7. Meet the locals

By meeting other Argentines, I have been lucky enough to be welcomed into the community as though they have known me their whole lives.

First and foremost, Argentines are loyal people. Once you have earned their trust, there is nothing they won’t do for you. I’ve seen them give money they don’t have, travel miles for sickness, bend over backwards for friends who need it, and so forth.

There are plenty of ways to meet locals. One popular way is through small sit downs throughout the city where Argentines practice their English with native English speakers and vice versa.

I myself chose to meet locals through the football pitch. I came here in 2012 with the goal of playing with locals. And I can tell you now, the first local I met is now the love of my life. He invited me to play with him and his friends and three years later, we are living together in Buenos Aires. You never know who you will meet!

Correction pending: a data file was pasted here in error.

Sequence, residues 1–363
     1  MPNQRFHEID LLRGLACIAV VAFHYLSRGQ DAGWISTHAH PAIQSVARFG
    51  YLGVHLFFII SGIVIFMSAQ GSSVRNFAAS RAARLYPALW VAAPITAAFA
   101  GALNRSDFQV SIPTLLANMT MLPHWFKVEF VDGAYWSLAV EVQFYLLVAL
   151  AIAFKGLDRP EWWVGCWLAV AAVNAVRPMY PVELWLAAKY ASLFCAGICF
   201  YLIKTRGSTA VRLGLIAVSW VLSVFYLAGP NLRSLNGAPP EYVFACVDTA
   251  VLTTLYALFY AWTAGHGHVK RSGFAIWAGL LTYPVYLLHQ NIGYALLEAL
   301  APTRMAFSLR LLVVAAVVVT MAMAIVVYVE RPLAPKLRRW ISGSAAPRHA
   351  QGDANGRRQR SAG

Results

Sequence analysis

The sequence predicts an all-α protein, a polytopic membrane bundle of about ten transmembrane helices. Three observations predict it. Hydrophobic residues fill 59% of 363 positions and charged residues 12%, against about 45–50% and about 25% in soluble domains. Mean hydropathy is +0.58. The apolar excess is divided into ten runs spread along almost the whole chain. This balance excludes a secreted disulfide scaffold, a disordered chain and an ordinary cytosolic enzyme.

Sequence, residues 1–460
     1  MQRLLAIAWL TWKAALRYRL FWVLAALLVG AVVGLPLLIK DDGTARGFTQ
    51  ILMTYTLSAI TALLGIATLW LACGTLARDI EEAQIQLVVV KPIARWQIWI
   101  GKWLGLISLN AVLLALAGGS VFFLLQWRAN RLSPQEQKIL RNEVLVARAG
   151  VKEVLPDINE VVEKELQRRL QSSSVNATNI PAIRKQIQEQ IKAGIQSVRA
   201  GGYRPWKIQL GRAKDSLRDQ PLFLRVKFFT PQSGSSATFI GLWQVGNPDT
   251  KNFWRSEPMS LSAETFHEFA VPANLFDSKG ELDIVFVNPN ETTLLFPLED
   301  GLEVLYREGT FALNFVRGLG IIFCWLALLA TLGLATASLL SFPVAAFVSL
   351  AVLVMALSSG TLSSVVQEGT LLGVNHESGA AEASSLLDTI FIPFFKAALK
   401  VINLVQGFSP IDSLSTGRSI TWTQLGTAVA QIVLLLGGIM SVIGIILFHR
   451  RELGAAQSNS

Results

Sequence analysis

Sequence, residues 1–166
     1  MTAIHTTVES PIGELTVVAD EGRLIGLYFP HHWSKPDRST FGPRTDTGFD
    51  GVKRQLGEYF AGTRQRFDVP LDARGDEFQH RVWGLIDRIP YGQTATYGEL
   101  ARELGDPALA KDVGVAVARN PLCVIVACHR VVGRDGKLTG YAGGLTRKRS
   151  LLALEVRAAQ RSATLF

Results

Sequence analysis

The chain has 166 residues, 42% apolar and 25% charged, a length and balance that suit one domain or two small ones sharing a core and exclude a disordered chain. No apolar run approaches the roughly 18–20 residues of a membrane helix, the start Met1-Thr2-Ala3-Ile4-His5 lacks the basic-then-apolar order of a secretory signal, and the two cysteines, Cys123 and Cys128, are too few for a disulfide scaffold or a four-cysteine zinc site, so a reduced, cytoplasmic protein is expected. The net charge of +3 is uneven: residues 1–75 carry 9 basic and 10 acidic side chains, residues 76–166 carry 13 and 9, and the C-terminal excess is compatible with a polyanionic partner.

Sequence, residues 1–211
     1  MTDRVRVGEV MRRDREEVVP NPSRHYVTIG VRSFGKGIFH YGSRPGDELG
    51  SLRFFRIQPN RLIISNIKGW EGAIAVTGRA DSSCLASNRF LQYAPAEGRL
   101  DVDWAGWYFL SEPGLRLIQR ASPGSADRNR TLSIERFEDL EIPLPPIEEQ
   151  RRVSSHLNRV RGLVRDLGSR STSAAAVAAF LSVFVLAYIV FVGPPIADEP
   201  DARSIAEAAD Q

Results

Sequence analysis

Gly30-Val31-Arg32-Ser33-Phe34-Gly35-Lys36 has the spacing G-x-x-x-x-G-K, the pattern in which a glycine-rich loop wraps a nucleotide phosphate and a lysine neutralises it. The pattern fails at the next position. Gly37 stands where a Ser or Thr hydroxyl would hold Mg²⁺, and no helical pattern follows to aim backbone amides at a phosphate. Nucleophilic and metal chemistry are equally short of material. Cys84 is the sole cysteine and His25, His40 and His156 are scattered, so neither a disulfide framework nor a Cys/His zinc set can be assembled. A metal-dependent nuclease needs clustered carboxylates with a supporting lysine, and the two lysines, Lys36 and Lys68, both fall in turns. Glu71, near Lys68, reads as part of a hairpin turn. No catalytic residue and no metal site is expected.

8. Find other expats

Buenos Aires offers an amazing network of other people from different countries who are all trying to make it here. In 2013, I worked in an office with Dutch, German, French, Greek, Brazilian, Mexican, and Peruvian people that I will forever consider my family.

I also found a community called BAFA, or Buenos Aires Fútbol Amigos, that offers pick-up soccer games every night where I met people from all different origins. Right now they represent over 90 countries, and every night I play, I learn about Peruvian cuisine, teaching PE in the province, or maybe a few words in French. But more than that, we share our knowledge about the local bars we’ve found or the discoveries we’ve made on how to find the small comforts of home in the city. It’s a support system that has carried me throughout the years.

9. Be Safe